Violent methods of prison administration have a gendered impact. For example, body searches turn into an act of humiliation, which has led to the Bangkok Rules calling for effective measures to be taken to ensure that ‘dignity and respect are protected during personal searches, which shall only be carried out by women staff’. The European Prison Rules equally call for persons being searched to ‘not be humiliated by the searching process’. The Nelson Mandela Rules follow the lead of the Bangkok Rules in prohibiting the use of restraints on women during labour, birth and immediately after birth.
The American Civil Liberties Union paints a very stark picture in its report on solitary confinement of women. They point to the accepted psychiatric research establishing that solitary confinement aggravates underlying mental health conditions. This is precisely why Rule 45 of the Nelson Mandela Rules prohibits the use of solitary confinement where it would exacerbate the condition of someone with an existing mental disability.
Combining this with the fact that nearly 75 per cent of women in prison are diagnosed with mental illness, the report portrays the gendered impact of solitary confinement’s harmful effects. Because of solitary confinement’s use as a method to control those whose behaviour is difficult to manage, and the tendency of people with mental illness to behave in a way that is ‘difficult to manage’, mentally ill women find themselves hand-picked for solitary confinement. Here, their health deteriorates drastically. This also risks ‘re-traumatizing women who are already vulnerable’ as a result of prior abuse.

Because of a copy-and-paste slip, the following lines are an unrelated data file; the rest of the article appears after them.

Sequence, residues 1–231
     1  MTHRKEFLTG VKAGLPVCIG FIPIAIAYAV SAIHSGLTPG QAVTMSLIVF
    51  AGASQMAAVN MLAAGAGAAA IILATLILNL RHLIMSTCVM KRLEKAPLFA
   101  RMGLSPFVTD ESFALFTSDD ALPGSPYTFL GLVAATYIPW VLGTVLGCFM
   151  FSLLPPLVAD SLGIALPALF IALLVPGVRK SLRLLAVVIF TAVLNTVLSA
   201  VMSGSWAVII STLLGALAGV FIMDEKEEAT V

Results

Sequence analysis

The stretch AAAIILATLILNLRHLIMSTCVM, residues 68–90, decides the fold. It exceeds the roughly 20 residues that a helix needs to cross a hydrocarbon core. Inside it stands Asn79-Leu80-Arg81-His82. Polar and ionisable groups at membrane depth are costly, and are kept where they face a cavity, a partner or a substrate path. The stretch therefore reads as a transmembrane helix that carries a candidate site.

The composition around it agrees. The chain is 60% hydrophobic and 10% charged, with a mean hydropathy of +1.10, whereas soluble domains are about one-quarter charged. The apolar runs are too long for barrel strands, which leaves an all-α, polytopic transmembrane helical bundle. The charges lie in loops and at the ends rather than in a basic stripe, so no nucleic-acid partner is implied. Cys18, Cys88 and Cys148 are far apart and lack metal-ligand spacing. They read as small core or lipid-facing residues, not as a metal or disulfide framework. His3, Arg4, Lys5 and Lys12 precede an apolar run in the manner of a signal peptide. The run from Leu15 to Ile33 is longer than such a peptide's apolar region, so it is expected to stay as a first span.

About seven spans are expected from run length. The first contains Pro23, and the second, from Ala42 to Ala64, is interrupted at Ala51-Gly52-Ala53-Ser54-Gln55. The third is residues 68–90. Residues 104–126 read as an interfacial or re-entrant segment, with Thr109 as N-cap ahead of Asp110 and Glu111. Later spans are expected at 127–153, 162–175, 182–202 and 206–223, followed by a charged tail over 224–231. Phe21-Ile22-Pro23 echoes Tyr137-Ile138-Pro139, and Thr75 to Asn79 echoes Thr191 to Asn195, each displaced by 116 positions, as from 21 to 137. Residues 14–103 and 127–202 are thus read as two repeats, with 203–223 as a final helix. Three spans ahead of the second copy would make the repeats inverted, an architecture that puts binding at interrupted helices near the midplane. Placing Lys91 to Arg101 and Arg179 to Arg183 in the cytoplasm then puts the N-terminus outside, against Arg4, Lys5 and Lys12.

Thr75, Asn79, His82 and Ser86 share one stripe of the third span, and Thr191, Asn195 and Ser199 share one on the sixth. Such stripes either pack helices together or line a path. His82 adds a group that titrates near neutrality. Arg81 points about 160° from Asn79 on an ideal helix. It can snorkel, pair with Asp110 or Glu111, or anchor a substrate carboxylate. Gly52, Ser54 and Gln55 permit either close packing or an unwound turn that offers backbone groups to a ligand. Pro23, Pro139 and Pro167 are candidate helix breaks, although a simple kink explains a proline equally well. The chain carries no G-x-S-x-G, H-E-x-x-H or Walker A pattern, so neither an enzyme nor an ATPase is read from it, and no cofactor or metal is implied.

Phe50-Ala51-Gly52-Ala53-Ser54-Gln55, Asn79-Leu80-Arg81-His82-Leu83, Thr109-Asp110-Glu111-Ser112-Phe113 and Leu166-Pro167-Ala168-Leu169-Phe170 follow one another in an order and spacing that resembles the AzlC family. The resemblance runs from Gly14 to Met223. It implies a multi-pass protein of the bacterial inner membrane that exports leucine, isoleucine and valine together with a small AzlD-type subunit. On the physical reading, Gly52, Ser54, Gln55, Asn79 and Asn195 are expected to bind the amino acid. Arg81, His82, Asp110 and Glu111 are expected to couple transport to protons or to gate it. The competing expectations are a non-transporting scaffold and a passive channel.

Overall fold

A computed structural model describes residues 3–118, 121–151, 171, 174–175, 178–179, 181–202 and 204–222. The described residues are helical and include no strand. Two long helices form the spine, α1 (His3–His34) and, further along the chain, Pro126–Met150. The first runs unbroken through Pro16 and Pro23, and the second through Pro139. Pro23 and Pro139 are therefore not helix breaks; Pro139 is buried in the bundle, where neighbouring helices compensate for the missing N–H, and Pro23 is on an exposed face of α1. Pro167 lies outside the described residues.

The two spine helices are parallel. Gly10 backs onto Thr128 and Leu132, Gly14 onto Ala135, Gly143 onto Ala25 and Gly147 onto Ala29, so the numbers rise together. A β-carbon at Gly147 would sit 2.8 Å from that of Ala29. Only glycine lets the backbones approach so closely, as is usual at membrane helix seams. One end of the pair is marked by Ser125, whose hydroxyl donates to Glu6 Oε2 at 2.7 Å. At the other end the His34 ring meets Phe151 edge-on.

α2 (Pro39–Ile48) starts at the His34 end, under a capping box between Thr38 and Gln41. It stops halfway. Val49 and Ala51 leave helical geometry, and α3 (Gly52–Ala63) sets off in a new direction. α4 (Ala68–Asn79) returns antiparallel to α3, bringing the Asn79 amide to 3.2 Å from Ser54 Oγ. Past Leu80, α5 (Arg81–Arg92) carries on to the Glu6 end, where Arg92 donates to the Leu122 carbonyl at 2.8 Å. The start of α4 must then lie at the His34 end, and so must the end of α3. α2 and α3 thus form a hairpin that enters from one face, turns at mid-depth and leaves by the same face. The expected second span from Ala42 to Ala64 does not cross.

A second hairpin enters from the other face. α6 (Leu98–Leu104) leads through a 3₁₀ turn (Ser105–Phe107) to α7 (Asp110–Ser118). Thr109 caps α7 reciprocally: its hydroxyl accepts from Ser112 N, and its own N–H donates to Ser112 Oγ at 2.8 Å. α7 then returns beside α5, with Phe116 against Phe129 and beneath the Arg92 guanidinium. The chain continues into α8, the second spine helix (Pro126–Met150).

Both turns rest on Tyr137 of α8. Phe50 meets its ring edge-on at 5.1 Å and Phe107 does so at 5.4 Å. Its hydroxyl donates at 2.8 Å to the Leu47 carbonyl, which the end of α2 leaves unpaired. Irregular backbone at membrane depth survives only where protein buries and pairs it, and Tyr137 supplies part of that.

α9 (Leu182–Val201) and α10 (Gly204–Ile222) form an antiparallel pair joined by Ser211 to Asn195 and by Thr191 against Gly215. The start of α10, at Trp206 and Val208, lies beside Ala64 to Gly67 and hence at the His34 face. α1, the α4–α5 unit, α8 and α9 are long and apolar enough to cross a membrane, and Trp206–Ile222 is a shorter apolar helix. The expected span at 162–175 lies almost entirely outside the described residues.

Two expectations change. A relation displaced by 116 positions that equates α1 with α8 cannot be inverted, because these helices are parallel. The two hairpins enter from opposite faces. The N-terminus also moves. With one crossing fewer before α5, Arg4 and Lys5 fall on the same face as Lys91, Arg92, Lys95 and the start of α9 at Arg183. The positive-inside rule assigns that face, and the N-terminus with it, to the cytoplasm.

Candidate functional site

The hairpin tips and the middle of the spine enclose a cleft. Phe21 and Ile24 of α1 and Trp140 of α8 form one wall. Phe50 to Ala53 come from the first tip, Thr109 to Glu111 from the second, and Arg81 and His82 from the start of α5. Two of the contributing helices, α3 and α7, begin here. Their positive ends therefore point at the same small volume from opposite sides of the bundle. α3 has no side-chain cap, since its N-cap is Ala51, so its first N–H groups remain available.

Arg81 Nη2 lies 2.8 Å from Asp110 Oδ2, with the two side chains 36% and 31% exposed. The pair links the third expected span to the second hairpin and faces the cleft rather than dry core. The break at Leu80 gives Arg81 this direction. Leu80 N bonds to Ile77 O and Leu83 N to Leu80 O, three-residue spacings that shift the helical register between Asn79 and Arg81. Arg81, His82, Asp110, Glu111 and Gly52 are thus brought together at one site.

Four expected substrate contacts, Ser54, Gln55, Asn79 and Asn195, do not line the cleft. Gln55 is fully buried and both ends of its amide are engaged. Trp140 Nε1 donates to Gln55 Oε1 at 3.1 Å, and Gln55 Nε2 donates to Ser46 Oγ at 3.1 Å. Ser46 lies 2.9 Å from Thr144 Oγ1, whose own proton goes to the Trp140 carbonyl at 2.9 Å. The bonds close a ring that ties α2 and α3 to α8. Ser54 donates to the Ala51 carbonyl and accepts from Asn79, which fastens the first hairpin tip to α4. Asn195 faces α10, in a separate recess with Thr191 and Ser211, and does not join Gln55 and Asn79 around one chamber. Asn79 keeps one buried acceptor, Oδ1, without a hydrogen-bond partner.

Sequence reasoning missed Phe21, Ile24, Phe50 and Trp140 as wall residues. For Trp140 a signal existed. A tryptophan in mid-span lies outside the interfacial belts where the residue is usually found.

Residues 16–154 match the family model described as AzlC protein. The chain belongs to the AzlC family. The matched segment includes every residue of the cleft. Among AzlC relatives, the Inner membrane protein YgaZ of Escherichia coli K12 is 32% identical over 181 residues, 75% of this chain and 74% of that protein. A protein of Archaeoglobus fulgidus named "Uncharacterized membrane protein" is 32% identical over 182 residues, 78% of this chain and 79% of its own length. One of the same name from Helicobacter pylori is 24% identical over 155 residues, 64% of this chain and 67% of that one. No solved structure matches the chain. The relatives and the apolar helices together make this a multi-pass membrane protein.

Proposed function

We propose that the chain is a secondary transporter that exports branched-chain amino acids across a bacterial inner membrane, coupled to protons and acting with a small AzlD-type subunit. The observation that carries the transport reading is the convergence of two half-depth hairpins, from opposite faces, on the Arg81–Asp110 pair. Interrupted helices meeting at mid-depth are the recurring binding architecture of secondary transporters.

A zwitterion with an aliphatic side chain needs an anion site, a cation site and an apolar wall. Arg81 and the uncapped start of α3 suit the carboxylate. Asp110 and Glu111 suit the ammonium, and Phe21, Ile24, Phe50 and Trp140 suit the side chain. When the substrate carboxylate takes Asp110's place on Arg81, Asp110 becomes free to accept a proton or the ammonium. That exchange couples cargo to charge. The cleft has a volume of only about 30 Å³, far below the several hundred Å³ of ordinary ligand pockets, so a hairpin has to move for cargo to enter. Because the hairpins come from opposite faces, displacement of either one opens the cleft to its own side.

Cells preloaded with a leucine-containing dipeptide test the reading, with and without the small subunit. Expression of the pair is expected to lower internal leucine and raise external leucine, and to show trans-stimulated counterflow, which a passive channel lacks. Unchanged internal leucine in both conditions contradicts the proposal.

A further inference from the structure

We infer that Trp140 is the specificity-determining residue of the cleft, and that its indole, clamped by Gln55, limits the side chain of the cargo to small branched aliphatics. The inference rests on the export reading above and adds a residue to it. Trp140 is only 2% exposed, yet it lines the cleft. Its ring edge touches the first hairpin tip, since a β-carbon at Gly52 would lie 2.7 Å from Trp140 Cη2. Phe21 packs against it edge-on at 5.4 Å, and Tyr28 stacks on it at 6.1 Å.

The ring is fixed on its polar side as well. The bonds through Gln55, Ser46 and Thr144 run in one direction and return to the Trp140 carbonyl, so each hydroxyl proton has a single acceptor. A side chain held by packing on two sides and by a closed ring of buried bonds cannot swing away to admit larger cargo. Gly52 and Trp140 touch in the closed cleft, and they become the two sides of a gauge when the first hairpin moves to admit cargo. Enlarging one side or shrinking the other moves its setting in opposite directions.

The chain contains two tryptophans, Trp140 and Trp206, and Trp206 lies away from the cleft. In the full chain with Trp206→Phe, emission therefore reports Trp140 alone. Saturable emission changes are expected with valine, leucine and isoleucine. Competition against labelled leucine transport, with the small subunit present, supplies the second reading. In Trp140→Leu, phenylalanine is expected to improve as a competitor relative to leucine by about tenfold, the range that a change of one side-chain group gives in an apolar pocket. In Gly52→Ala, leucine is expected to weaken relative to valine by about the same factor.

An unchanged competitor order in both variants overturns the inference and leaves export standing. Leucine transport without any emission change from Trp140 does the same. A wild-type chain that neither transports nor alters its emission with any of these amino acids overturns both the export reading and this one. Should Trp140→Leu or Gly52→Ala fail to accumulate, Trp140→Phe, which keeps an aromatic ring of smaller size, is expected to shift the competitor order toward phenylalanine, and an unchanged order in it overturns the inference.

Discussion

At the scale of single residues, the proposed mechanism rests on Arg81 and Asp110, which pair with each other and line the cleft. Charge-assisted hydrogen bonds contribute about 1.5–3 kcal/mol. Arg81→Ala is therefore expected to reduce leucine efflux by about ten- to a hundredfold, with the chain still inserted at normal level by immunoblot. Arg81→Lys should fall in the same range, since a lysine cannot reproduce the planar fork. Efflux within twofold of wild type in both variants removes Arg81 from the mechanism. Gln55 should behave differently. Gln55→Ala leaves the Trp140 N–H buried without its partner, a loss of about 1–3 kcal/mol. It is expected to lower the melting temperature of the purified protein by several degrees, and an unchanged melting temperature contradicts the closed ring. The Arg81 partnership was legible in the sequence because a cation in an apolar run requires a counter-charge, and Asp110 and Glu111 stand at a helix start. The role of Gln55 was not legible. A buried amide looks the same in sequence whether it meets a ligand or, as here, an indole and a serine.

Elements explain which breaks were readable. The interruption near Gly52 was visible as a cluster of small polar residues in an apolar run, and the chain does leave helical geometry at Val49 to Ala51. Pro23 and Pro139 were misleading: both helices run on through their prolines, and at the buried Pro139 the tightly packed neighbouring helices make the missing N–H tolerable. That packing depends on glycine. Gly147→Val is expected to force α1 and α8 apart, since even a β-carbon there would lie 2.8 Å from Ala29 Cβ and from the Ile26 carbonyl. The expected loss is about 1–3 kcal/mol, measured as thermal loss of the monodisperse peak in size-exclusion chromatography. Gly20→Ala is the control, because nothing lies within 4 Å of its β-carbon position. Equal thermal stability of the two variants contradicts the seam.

On the International Day for the Elimination of Violence Against Women
We should acknowledge that women in the criminal justice system have often faced violence throughout their lives, leading up to their imprisonment, where they may only face more violence. Such lives of violence are disproportionately subjected on women, and this has not been sufficiently recognised and combated.
To mark the International Day for the Elimination of Violence Against Women on November 25th, PRI will be live-streaming the award-winning play Key Change, which highlights the complex journey that women who come into contact with the criminal justice system face, and the impact of gender violence on their lives. Find out more.